After all the preparation you have finally arrived at the most exciting part of the training. Your first flight. In this module you will learn to handle and fly an aircraft. You will have one or multiple instructors who will teach you how to control the plane, take off and land. They will show you how to use, adjust and read the instruments on the panel, demonstrate the basic flight maneuvers, rules of a pattern circuit, etc. It is without a doubt the most important but also the most appealing part of your training.
During this time you will gain flight hours as a student, of which you must keep track of in a dedicated logbook. If you ever feel that this kind of paperwork is boring, or just wants to keep your flight logs safe and backed up then we can help you with that. Try our pilot logbook with auto-fill function for free, so you don’t have to waste your important training time with the tedious task of filling logs and calculation flight hours on your own. You can also easily keep record of your ratings and experience to see your overall progress with time.
Once you have successfully finished your CAA exams and gained enough flight experience you’ve reached one of the greatest milestones:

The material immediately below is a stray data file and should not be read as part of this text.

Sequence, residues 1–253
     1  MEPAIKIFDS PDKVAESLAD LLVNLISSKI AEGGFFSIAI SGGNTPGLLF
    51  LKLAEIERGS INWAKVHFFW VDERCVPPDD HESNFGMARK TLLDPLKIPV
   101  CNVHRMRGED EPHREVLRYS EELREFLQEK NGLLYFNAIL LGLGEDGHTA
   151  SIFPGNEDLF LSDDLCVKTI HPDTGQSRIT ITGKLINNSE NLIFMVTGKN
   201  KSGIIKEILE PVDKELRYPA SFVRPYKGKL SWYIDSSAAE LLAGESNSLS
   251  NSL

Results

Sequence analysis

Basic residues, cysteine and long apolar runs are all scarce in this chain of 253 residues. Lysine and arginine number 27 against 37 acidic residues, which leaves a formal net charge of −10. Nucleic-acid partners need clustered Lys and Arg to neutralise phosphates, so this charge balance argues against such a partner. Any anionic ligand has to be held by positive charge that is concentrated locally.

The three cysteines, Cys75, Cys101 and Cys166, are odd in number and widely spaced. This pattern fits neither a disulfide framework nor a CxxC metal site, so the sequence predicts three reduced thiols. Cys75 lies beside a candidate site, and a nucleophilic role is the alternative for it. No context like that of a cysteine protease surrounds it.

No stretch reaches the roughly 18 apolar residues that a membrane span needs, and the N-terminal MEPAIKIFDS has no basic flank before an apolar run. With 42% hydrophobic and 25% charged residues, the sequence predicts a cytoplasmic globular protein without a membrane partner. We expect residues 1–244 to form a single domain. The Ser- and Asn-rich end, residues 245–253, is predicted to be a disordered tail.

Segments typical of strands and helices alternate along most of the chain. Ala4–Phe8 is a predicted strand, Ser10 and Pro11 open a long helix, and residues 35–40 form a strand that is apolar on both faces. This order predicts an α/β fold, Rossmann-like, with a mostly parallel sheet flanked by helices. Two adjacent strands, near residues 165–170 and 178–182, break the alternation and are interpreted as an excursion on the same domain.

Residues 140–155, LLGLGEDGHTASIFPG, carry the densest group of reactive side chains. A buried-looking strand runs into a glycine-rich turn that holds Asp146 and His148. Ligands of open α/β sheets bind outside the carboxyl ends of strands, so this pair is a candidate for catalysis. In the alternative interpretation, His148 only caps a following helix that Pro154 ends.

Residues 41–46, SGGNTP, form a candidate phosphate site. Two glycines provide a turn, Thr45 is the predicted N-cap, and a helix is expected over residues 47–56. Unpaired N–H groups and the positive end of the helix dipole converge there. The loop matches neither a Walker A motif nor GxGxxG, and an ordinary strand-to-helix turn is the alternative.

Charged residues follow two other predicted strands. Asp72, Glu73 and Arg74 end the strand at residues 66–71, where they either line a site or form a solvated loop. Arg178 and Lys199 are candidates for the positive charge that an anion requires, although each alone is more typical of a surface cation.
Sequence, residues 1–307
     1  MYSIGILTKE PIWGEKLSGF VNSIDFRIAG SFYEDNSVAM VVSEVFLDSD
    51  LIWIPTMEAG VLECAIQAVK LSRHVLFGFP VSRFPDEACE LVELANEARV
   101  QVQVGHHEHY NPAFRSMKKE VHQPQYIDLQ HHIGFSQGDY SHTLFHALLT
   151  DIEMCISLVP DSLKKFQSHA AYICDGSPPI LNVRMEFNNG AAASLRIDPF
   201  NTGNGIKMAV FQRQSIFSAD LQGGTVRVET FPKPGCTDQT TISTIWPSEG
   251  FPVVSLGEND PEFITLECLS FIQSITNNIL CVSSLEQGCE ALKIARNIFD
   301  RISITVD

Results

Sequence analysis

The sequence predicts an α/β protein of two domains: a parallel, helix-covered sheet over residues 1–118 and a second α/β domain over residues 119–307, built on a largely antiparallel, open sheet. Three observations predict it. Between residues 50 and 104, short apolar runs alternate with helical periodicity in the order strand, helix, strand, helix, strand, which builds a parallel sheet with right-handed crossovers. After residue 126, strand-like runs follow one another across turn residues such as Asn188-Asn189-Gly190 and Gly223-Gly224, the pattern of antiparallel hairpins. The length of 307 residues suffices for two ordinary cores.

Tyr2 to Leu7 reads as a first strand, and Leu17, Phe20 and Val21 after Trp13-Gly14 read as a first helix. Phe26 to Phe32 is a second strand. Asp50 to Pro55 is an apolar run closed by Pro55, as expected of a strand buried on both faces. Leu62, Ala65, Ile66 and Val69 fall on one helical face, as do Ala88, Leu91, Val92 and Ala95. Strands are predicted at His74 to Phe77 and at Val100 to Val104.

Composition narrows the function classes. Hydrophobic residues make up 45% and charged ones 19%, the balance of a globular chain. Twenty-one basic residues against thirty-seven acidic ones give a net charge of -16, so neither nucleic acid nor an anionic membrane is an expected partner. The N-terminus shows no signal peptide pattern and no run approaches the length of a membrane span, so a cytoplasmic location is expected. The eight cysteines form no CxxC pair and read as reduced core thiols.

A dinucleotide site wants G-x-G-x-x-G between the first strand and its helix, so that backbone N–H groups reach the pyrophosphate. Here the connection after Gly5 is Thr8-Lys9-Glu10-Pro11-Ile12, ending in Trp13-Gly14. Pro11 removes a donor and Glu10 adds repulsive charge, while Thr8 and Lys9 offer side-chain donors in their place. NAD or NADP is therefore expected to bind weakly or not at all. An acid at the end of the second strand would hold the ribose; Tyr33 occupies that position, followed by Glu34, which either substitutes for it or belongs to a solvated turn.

Your first solo flight.
Before you fly alone you will be required to have a skill tests with a different instructor. If he or she is pleased with your performance, then you will be sent out for your first solo. An instructor will still have to watch you from the ground, but you will be the only person in the cockpit of a flying plane for the first time. From this moment on you will have the possibility to rent a plane and fly it alone under your instructor’s oversight from the ground.
At the same time, you can continue to take further lessons with an instructor too. The second half of your training is going to introduce you to cross-country flights. You will learn practical navigation skills using pilotage and dead reckoning. You will also learn to use some basic navigational instruments such as VOR/DME. The logic behind these instruments can be tricky to learn so we recommend you practice on the ground before each flight. We offer high quality simulator applications so you can easily learn the secrets of these instruments.
After a cross-country check flight, you will be required have a cross-country solo flight as well. It’s a stressful process because navigation with classical methods can be difficult for someone who may have just started flying alone a few weeks or months prior. But fear not, because you are allowed to utilize backup systems, so you won’t get lost. You can use our Direct-To Aviation GPS app to always find your way back home.
After completing all this and having a minimum of 45 hour experience you can be signed up to a final skill test. This consist of a 1.5 – 2 hours cross-country flight with aerodrome practices and emergency simulations. If you pass it, you have successfully finished your course and became a private pilot!
You should celebrate this great accomplishment but don’t forget that your journey has just begun… In part 2 we will show what’s left to do in order to fly for airlines.
This article is designed to summarize the main milestones in order to become a pilot, but if you have anything to add, feel free to send us an email to firstname.lastname@example.org.